Court of Appeal Reverses Judgment Against BAAQMD
As we wrote in our January 2012 eAlert
, that month an Alameda County Superior Court judge struck down the California Environmental Quality Act (CEQA) guidelines and thresholds adopted in June 2010 by the Bay Area Air Quality Management District (BAAQMD) for failing to comply with CEQA in adopting the thresholds. The revised BAAQMD CEQA guidelines established new significance thresholds for greenhouse gas (GHG) emissions and more stringent thresholds for criteria air pollutants. The Air District phased in additional thresholds for toxic air contaminants in May 2011. You can read more details about the updated BAAQMD CEQA guidelines in our June 2010 eAlert
That court decision meant that there were no regional thresholds of significance for air quality and GHG impacts in place for the nine-county Bay Area. It was up to individual cities and counties to adopt and defend their own standards. Although lead agencies were not legally required to employ the previous BAAQMD thresholds, in our experience, all Bay Area jurisdictions did in fact rely on them for their CEQA reviews.
A decision rendered last week by the First District Court of Appeal reverses the earlier judgment. In California Building Industry Association v. Bay Area Air Quality Management District (1st Dist., Div. 5, 2013), the court rejected the trial court's determination that the adoption of thresholds for CEQA review constituted a project that was itself subject to CEQA review.
The appeal court found that Section 15064.7 of the Statewide CEQA Guidelines establish procedures for adopting thresholds of significance, and those procedures do not require a prior CEQA review of the thresholds. Furthermore, the BAAQMD had undertaken a lengthy public review process, which is required by Section 15064.7, and the decision was supported by substantial evidence. The Court of Appeal also found that BAAQMD's 2010 thresholds were not a CEQA "project" because they would not cause a direct or reasonably foreseeable indirect physical change in the environment.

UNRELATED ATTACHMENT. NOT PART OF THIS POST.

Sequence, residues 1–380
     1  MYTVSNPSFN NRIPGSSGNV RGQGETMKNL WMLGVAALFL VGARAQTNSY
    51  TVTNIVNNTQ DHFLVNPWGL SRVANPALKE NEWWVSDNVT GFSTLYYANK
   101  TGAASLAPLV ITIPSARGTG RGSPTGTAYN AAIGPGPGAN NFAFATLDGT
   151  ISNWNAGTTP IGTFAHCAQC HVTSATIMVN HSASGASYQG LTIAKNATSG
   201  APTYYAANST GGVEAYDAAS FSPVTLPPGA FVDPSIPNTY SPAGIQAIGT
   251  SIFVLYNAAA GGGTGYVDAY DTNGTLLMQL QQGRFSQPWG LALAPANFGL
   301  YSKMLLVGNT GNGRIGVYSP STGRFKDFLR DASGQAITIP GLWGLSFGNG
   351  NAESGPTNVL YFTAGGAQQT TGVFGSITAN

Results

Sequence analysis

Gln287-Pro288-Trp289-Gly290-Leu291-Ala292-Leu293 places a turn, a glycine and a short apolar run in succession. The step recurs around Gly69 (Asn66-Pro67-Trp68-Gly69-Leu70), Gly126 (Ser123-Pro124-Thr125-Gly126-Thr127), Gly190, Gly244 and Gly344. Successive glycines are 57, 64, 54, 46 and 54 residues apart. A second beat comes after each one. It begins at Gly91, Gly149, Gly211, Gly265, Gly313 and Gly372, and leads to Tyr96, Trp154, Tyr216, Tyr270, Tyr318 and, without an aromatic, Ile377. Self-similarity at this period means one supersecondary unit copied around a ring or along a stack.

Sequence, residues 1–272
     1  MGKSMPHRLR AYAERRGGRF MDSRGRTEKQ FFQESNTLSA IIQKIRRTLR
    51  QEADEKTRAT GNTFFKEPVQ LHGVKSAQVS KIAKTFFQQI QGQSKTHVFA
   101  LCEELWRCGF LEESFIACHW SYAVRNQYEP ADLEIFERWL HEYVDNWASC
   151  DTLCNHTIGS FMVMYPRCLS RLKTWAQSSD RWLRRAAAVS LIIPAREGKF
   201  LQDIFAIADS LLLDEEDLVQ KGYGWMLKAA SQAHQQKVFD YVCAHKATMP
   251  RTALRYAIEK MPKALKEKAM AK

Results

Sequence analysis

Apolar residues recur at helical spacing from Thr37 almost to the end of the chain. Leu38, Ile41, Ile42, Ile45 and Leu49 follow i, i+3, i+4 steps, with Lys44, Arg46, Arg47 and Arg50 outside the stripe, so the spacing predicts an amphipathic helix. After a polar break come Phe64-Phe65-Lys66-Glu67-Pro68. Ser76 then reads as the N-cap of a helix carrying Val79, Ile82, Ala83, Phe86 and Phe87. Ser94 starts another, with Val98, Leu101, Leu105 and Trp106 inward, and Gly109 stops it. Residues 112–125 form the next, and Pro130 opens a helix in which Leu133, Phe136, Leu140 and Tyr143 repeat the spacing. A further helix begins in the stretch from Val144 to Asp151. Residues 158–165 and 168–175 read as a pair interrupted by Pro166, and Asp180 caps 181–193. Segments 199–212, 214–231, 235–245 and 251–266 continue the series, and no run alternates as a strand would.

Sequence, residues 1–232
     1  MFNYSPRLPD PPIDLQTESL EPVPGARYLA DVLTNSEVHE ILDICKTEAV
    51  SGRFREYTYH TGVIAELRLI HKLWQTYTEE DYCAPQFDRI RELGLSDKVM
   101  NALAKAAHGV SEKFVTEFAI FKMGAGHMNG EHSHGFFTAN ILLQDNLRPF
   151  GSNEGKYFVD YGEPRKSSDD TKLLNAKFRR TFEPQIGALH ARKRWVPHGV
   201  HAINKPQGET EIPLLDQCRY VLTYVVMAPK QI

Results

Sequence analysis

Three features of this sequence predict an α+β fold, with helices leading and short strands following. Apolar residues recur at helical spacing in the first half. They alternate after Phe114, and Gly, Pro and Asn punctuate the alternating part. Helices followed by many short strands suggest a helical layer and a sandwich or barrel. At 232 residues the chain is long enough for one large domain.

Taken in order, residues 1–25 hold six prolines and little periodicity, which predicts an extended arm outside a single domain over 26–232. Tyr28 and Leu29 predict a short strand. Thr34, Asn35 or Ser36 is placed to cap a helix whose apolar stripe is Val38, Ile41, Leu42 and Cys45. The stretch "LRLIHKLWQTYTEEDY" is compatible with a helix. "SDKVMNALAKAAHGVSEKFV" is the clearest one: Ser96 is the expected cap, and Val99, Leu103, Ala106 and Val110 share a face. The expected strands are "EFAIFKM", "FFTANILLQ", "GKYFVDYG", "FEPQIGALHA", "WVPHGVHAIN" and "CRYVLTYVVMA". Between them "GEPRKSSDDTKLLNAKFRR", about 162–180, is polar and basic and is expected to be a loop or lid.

The Court also addressed a highly controversial issue raised in the Ballona Wetlands Land Trust v. City of Los Angeles (2011) case that we wrote about in our January 2012 and May 2012 eAlerts. Despite the explicit provisions of CEQA Guidelines Section 15126.2(a), the Court in the Ballona case (among others) held that an EIR is not required to address the impacts of the environment on a proposed project; it is only required to address the impacts of a project on the environment. In last week's California Building Industry Association (CBIA) decision, the Court noted that CEQA defines "significant" impacts to include substantial adverse effects on human beings, either directly or indirectly. CBIA had claimed that the BAAQMD's thresholds would require a consideration of the adverse effects of air pollution on the occupants of a project, in violation of CEQA case law. However, the Court of Appeal declined to decide on the validity of the Ballona case and similar cases addressing this issue. Instead, it found that the thresholds are not invalid on their face, and setting them aside would be inappropriate.
You can read more of the nuances of the case in the full decision here: CBIA v. BAAQMD